Full Session with Abstracts
Post-disaster housing recovery is a complex and unequal process that takes between weeks to years for different households. Reasons behind these differences in recovery time remain largely unexplored. In November 2016 and January 2018, field studies were conducted in Lumberton, North Carolina following Hurricane Matthew by researchers at the U.S. National Institute of Standards and Technology (NIST) and the NIST-funded Center of Excellence on Risk-Based Community Resilience Planning. One goal of the field studies was to collect the necessary data to build housing recovery models that integrate physical, economic, and social measures of disaster impact and recovery. The household-level data collected included information on initial damage level of the home, repair progress, availability and timing of various types of financial recovery resources (insurance, federal grants, SBA and private loans, and non-profit support), dislocation time, household socio-demographics, and more.
The diversity of data collection was driven by the goal of measuring the complex process of recovery. Various definitions have been proposed in the literature to guide measurement of housing recovery. The definition adopted here extends beyond physical repair and functionality restoration of the housing unit to include re-establishment of households’ daily routines and ability to call a place home. This household-centered definition is measured through four housing recovery states which apply metrics on repair completion, household re-occupancy, restored accessibility, and housing stability. Restored accessibility is measured through having the same (pre-disaster level) or improved access to essential community services, such as employment, healthcare and education. Housing stability is measured as the household’s intention and ability to remain in their current housing unit for at least one year.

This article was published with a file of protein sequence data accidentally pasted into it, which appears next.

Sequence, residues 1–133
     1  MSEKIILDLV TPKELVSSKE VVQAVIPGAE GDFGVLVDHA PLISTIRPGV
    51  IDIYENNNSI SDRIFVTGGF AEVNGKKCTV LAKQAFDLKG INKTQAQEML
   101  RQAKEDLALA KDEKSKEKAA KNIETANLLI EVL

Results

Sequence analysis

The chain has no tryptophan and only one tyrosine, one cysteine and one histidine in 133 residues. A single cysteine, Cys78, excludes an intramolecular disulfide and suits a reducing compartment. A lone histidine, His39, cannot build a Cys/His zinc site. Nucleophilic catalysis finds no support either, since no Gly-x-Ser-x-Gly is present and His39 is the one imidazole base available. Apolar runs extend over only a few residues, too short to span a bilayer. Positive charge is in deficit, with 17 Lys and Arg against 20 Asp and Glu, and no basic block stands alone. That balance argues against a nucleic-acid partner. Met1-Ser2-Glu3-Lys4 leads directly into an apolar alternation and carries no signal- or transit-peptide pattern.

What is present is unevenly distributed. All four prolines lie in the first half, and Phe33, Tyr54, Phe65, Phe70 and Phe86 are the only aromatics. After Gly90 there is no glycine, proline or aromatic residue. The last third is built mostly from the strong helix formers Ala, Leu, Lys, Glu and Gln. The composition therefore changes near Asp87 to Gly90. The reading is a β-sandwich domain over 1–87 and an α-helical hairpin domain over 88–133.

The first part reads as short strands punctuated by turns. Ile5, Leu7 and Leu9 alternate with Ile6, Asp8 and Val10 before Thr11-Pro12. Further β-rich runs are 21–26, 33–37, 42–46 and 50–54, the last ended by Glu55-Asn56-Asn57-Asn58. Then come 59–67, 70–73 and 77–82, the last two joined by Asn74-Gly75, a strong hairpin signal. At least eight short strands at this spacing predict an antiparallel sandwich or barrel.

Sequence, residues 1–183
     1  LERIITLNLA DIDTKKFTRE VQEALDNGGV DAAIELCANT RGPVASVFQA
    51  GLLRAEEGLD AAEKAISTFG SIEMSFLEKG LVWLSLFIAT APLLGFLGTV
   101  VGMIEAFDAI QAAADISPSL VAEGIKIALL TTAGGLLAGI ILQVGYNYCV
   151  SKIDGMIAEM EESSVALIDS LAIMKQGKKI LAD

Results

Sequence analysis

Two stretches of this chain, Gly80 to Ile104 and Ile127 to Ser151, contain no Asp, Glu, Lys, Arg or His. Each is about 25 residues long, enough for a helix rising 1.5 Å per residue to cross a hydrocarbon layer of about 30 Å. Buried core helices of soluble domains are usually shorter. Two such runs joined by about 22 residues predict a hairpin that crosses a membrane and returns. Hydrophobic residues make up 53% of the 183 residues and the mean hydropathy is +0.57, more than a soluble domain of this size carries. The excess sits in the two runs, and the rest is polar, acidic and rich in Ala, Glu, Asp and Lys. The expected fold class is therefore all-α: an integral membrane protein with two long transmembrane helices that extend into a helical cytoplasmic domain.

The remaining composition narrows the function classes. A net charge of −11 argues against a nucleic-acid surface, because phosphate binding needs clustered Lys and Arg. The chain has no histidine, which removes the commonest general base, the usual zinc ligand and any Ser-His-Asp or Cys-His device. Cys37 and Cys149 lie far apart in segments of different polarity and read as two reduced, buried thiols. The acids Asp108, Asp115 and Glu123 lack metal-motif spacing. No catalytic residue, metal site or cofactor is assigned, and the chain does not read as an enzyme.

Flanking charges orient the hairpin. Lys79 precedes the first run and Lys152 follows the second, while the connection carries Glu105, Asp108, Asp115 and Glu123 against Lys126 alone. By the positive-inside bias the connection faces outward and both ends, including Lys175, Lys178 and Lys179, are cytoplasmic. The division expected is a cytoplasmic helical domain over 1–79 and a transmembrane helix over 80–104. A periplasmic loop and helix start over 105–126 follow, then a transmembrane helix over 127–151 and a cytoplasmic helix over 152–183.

This work takes a probabilistic approach to demonstrate how physical damage to one’s home, socio-demographics, and financial recovery resources influence a household’s timing to reach each level of housing recovery while accounting for uncertainty. Preliminary findings indicate that one year after the flooding, the community is only in the early stages of recovery.